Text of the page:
Leading With Your Head and Your Heart

CEOs who manage emergencies using emotion as well as logic and intuition find the best results in the short term and the long.

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Over the past 30 years, we have studied and consulted for nearly 100 CEOs in Europe, Asia, and North America who had to deal with large-scale crises. Based on these CEOs’ responses to various emergencies, we have identified three ways leaders tend to think during emergencies.

Functional smart leaders rely on their survival instincts. Focused on the bottom line, they do whatever it takes to keep their companies afloat. Business smart leaders are opportunistic. They find clever ways to leverage a crisis and develop strategies to capture post-disaster opportunities. We estimate that 90% of corporate leaders we observed went into one of those two modes during past crises.

A smaller number — just 10% — navigated crises by relying instead on context-aware intelligence to benefit society at large. Rather than simply reacting to — or leveraging — an emergency, these leaders consciously used intuition, logic, and their emotions to choose appropriate responses. Instead of asking anxious workers to simply keep doing their jobs, they helped broaden their perspectives. They inspired employees to use ingenuity to contribute to the greater good of society and to cocreate a higher purpose for the organization.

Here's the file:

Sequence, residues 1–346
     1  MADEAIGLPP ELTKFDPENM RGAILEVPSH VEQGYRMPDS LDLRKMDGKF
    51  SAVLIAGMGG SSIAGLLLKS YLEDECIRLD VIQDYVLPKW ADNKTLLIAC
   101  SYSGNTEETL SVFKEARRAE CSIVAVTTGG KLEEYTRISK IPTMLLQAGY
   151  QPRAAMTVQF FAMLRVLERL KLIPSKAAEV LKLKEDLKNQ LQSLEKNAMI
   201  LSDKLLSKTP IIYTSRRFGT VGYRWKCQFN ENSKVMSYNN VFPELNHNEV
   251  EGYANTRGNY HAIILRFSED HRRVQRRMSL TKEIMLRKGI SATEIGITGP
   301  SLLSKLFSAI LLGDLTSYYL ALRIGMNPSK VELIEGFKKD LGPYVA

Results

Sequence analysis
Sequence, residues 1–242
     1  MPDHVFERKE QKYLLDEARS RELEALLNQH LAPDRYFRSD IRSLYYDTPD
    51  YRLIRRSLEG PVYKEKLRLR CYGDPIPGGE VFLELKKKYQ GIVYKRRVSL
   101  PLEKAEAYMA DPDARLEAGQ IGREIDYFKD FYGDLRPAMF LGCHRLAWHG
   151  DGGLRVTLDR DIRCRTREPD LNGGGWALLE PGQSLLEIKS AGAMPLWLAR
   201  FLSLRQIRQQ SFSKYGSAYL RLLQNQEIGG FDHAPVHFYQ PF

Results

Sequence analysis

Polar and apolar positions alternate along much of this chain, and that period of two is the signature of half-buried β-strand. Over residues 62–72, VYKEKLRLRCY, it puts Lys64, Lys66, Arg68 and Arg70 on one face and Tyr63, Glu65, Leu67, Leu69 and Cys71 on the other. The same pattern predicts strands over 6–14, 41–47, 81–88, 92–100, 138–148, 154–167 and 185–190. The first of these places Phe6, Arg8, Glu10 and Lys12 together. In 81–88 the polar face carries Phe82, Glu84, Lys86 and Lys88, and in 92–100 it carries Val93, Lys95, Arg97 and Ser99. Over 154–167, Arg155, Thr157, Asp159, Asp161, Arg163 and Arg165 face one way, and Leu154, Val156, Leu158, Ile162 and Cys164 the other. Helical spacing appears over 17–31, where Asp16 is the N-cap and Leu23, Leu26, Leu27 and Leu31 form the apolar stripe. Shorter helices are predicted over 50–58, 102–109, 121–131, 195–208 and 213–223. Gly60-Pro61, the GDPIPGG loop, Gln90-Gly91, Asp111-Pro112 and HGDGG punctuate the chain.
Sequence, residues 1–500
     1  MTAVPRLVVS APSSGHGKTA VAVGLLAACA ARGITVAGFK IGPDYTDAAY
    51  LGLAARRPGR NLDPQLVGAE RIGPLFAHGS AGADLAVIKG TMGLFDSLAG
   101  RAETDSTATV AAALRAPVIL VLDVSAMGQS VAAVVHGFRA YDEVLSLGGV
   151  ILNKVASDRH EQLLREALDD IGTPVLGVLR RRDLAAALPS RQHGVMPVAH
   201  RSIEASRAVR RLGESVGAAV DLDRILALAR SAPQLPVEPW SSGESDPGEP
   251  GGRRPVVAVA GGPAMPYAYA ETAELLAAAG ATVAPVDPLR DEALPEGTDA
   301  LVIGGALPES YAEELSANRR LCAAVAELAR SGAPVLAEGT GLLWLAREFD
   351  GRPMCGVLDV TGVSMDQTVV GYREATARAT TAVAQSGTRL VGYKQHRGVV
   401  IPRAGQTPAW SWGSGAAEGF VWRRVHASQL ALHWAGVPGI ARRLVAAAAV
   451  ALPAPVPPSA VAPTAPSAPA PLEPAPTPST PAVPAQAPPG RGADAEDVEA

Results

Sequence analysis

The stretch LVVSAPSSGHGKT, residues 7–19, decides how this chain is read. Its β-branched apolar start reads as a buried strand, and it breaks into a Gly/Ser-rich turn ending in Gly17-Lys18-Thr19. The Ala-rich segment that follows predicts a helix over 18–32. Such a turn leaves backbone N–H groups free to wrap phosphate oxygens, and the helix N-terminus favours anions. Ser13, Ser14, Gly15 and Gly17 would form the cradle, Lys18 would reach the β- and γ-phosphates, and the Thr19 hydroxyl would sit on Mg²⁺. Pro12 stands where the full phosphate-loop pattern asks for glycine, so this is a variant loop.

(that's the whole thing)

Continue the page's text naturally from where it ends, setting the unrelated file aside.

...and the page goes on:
We call these people wise leaders, and we think they present the best role model for leaders to successfully deal with today’s crises. Endowed with an entrepreneurial mind, a social heart, and an ecological soul, wise leaders are best fit to build the agile, inclusive, and sustainable businesses of the 21st century.

Four Key Capabilities of Wise Leaders

We believe that as businesses grapple with the COVID-19 crisis, CEOs have a historic opportunity to demonstrate wise leadership and positively reshape the mindsets of their employees to serve the larger good.

CEOs can transform their businesses into wise enterprises by leveraging four key capabilities: making a broader purpose an explicit part of company vision, embracing frugal innovation that cleverly reuses existing company resources, framing sustainability and corporate responsibility as mission-crucial adaptability, and channeling radical openness to build strong feelings of connection.

Broaden employees’ perspective and purpose. COVID-19 makes all of us realize how interdependent and fragile human civilization is. A disruption in one part of the world can have devastating ripple effects across the entire planet.

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